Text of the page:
Looking back over the last 12 months, we can all probably agree that 2017 was a rough year for Europe. Terrorist attacks in such destinations as London, Barcelona, Manchester and Stockholm; concerns about overtourism; and alarming reports of the melting Greenland ice sheet and its implications for the global sea level have rendered some of us numb from the onslaught of bad news.
That said, Europe's appeal endures. And in fact, some destinations, like Switzerland and Iceland, had near record years in incoming arrivals.
Those of us who love the Continent all have our own reasons for doing so, but common factors include the Old World charm, the cuisine, the wine, the culture and the diversity of language and history among various countries situated so near one another.
In short, as long as planes fly, I'll continue to visit Europe, and I won't be alone.
With that in mind, here is my list of some of the good news that came out of Europe this year.
Low-cost air access continues to make transatlantic flights affordable for a wider chunk of the traveling public. Norwegian Air is spreading its tentacles across Europe and Wow is adding more U.S. gateways. Meanwhile, Scandinavian Airlines (SAS) began operating its lower-cost Go Light product on all U.S. routes Dec. 14. The service trims about $35 on average from fares for passengers without checked luggage. Lufthansa subsidiary Eurowings is poised to take over Air Berlin flights between Dusseldorf and New York, Miami and Fort Myers, Fla., next spring, and International Airlines Group, which also owns British Airways, is establishing a base at Paris Orly in 2018 for Spanish low-cost transatlantic carrier Level. Service in 2018 will include roundtrip service to Barcelona from Newark and Boston.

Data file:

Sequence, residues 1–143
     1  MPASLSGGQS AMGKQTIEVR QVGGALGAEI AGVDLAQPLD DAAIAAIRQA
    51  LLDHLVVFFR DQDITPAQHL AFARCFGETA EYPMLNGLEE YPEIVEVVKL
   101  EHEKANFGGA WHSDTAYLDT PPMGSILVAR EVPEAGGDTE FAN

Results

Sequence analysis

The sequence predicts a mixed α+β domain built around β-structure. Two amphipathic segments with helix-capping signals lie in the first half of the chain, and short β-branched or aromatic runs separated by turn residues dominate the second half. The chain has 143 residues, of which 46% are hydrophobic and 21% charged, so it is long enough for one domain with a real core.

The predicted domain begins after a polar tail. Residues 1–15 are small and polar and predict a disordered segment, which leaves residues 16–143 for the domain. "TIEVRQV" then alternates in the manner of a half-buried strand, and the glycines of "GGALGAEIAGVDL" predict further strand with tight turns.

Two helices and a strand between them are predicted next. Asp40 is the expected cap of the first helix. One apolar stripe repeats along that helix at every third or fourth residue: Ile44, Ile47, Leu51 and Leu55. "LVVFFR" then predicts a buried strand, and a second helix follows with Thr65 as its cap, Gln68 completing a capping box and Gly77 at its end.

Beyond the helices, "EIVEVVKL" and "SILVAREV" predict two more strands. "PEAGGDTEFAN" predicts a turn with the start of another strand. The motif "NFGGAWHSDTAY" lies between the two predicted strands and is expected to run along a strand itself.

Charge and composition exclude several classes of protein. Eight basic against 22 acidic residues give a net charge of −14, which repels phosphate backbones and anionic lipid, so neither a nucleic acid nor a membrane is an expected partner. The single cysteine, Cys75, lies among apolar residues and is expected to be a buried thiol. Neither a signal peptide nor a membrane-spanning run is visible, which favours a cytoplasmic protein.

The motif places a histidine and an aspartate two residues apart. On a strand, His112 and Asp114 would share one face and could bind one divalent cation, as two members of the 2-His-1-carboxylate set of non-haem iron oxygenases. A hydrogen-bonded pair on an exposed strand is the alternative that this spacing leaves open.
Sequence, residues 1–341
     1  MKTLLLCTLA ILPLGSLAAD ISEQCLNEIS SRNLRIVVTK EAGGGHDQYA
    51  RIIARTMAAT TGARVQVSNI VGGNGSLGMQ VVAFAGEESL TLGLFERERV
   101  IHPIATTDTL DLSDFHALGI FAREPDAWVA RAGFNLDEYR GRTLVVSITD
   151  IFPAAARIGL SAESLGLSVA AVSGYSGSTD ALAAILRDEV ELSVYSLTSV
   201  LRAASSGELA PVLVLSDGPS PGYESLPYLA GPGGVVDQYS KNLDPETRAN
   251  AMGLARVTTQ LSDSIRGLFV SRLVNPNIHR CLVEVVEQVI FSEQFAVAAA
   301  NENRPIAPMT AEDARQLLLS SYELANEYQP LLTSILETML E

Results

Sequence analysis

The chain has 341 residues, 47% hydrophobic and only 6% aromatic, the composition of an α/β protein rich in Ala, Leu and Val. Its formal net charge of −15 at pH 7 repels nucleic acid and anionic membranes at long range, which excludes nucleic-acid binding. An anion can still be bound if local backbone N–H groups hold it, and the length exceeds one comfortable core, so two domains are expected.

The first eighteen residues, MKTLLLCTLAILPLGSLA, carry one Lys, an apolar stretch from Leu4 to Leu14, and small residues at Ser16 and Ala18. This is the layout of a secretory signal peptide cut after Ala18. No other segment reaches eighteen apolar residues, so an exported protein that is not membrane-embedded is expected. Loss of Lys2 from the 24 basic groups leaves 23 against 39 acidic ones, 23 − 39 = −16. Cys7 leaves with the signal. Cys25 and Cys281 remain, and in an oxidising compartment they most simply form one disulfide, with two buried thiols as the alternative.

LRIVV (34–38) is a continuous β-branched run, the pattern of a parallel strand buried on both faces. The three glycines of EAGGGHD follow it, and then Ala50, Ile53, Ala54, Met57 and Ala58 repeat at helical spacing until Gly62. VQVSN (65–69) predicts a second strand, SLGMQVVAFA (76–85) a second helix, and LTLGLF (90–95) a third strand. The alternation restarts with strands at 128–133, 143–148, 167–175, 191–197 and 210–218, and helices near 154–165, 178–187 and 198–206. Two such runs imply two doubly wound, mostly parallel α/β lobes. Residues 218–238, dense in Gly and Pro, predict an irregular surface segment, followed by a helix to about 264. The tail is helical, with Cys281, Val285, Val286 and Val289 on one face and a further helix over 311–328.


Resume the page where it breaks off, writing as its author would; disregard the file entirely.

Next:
At the other end of the economic spectrum, luxury travel continues apace. Travel Leaders Group's luxury agents, for example, report a 64% bump in bookings over 2016. Crediting the strong U.S. economy, the Travel Leaders Group's 2017 Fall Travel Trends Survey named European river cruises, Mediterranean cruises and Ireland among its top destinations.
Overtouristed destinations are finally taking a stand against the presence of cruise ships in their ports. Dubrovnik is looking to trim cruise arrivals by half, from 8,000 passengers a day to 4,000, for example, and Venice is making a move against large ships with a permanent ban, along with the development of a terminal in nearby Marghera, set for completion in about four years.
Cruise lines such as MSC Cruises are looking hard at the development of lesser-known ports to siphon passengers away from overcrowded spots. MSC, for example, is calling at Sarande in Albania.
Meanwhile, at presstime the latest deal between the U.K. and the European Union promises to retain an open border between Northern Ireland and the Republic of Ireland, although details are still vague on how to achieve this long-thorny issue in Brexit talks. The idea of the reinstatement of border guards and passport checks between these two countries is a depressing scenario that almost no one wants to see happen.
At the risk of dipping my toe into political waters, the re-election of German's Angela Merkel, widely considered a stabilizing force in a rapidly changing Europe, and the election of France's Emmanuel Macron, also a mainstream presence on the European stage, have gone a long way to reassure jittery travelers about the future of the destination.
Finally, who doesn't love a royal romance? The recent engagement of Britain's Prince Harry -- to an American, no less -- is already spawning wedding-themed packages and specials from companies like CIE Tours and Le Boat.
Here's hoping 2018 will bring us so much good news that we won't be able to fit it all in one column.